by: George S. Draffen

Ceorge S. Draffen, of Fife, served in 1975 as Deputy Grand Master of the Grand Lodge of Scotland he is a Past Master of Quatuor Coronati Lodge No. 2076, London, and Past Grand Deacon of the United Grand Lodge of England.

During the ceremony of the Third Degree, which is so well named the Sublime Degree, you can hardly fail to have been deeply impressed by the tragedy of Hiram Abiff. To understand it, and to appreciate to the full its profound richness of meaning, is something that will remain with you as long as you live.

It is first of all important to understand that the drama of Hiram Abiff is a ritualistic drama. We all know what a drama is. It is a conflict between a man and other men or between a man and other forces, resulting in a crisis in which his fate or fortune lies at stake. The crisis, or problem, is followed by a solution or resolution. If it turns out in favor of the man the drama is a comedy, in the true and original meaning of that word as a happy ending. If it turns against him, and as a result he becomes a victim or a sufferer, it means that the drama is a tragedy.

By drama in either sense I do not refer to plays as they are acted on the stage, which are not dramas at all, but representations of dramas. I refer to drama as it occurs in our own lives, to everyone of us, and in our daily experience. The only reason for our interest in reading or seeing stage plays is because they mirror the drama in which in real life we ourselves are the actors.

But the ceremony of Hiram Abiff is not only a drama, it is a ritualistic drama, and the major emphasis should be placed on the world "ritualistic."

What is a ritual? It is a set of fixed ceremonies which address themselves to the human spirit solely through the imagination. A play in the theatre may be built round some historical figure or some historical event, as in the case of Shakespeare's plays about the English kings and about Macbeth or Hamlet. And if the figures and events are not actually historical, they are sup-posed to be, so that the facts of time, place and individual identity are of some importance to it.

A ritualistic drama, on the other hand, does not pay any heed to historical individuals, times or places. It moves wholly in the realms of the spirit, where time, space and particular in-dividuals are ignored. The clash of forces, and crises and fates of the human spirit alone enter into it, and they hold true of all men, everywhere, regardless of who they are, or where and when they are.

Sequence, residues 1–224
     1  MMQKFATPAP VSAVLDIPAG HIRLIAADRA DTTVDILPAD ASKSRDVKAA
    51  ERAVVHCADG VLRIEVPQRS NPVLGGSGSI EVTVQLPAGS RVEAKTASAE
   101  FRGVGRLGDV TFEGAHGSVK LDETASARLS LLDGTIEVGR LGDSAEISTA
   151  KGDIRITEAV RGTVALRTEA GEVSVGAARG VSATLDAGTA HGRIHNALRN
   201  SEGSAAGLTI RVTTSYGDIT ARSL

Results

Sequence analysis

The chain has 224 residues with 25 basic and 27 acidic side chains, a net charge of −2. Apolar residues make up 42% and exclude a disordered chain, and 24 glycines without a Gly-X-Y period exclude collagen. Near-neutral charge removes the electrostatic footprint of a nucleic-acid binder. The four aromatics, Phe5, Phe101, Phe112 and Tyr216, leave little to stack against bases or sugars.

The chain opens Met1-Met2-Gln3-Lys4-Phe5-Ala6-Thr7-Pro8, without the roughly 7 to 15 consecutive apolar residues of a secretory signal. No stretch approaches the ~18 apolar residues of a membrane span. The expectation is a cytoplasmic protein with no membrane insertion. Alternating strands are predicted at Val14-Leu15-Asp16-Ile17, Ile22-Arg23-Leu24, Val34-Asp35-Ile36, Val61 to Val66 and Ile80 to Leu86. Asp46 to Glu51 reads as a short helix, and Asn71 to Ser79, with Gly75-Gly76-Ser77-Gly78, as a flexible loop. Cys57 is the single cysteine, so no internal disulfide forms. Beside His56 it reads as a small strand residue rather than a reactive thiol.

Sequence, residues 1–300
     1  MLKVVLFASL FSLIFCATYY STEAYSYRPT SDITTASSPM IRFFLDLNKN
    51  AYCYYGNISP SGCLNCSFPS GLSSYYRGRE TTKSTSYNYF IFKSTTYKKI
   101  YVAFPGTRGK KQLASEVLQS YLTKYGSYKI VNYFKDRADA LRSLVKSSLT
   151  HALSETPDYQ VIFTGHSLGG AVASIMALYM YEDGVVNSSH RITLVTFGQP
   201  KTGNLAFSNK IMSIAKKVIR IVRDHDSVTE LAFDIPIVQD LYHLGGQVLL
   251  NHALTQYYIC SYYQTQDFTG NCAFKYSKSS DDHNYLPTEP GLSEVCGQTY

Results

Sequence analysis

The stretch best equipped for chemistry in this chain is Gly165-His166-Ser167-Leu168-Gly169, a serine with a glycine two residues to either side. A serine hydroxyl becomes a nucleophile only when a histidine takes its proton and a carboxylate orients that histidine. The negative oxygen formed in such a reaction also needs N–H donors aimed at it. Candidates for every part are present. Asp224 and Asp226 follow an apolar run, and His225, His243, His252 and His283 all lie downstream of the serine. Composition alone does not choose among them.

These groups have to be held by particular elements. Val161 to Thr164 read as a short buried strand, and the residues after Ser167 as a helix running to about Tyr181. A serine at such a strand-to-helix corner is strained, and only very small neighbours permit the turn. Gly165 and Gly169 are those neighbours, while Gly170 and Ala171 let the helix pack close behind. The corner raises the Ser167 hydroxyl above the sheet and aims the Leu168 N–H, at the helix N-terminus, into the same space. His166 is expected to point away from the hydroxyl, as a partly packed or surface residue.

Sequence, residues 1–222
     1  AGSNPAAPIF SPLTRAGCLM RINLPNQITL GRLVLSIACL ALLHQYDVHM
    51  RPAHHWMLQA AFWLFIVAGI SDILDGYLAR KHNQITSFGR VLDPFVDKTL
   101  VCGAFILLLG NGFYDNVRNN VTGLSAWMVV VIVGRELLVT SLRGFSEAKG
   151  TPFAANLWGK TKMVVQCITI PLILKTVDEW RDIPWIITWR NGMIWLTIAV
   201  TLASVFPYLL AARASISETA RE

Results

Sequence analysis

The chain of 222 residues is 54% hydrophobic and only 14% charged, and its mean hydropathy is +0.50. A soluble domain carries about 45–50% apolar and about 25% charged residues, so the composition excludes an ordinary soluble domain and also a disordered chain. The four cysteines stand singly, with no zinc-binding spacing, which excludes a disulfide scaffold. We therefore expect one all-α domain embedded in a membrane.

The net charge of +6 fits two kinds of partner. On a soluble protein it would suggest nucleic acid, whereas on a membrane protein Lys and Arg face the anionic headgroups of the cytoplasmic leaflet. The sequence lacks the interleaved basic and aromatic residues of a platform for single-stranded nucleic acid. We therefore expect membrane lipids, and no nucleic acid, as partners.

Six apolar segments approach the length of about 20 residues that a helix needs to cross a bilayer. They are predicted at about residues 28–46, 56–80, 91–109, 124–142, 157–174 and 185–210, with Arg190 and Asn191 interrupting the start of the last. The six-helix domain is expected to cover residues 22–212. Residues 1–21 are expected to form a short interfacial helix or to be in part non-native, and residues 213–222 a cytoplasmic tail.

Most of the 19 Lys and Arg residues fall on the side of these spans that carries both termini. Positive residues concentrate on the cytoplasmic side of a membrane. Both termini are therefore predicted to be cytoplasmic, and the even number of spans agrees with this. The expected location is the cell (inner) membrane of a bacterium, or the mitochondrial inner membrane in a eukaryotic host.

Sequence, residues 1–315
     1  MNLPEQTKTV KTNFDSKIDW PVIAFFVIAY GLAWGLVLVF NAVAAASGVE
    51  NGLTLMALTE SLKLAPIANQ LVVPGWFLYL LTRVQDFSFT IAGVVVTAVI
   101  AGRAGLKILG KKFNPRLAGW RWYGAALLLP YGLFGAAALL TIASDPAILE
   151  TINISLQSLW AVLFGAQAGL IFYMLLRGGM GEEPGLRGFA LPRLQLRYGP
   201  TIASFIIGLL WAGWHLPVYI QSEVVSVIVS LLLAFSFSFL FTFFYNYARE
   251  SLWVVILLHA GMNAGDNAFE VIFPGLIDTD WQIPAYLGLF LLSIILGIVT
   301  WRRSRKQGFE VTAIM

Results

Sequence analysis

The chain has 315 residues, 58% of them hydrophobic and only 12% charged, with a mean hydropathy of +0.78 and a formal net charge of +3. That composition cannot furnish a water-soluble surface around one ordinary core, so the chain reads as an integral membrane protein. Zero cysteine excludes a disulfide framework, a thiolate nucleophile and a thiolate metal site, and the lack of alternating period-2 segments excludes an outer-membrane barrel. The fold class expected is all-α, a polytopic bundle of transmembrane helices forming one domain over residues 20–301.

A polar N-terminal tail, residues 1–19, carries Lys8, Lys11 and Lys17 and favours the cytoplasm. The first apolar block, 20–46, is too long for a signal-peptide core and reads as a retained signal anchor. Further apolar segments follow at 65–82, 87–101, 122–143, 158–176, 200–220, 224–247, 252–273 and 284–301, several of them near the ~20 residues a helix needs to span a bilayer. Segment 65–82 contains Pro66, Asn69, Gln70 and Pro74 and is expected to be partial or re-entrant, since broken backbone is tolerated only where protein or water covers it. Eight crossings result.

Since the drama of Hiram Abiff is ritualistic, it is a mistake to accept it as history. There was a Hiram Abiff in history, but our Third Degree is not interested in him. Its sole concern is with a Hiram Abiff who is a symbol of the human soul, that is, its own Hiram Abiff. If, therefore, you have been troubled with the thought that some of the events of this drama could not possibly have ever happened you can cease to be troubled. It is not meant that they ever happened in ancient history, but that they are symbols of what is happening in the life of every man.

For the same reason it is an inexcusable blunder to treat it as a mere mock tragedy. Savage peoples employ initiation ceremonies as an ordeal to test the nerve and courage of their young men, but Freemasonry is not savage. Boys in school often employ ragging, which is horseplay caricature of the savage ceremonial ordeals, but Freemasonry is not juvenile. The exemplification of our ritualistic drama is sincere, solemn, and earnest. He who takes it trivially betrays a shallowness of soul which makes him unfit ever to become a Mason.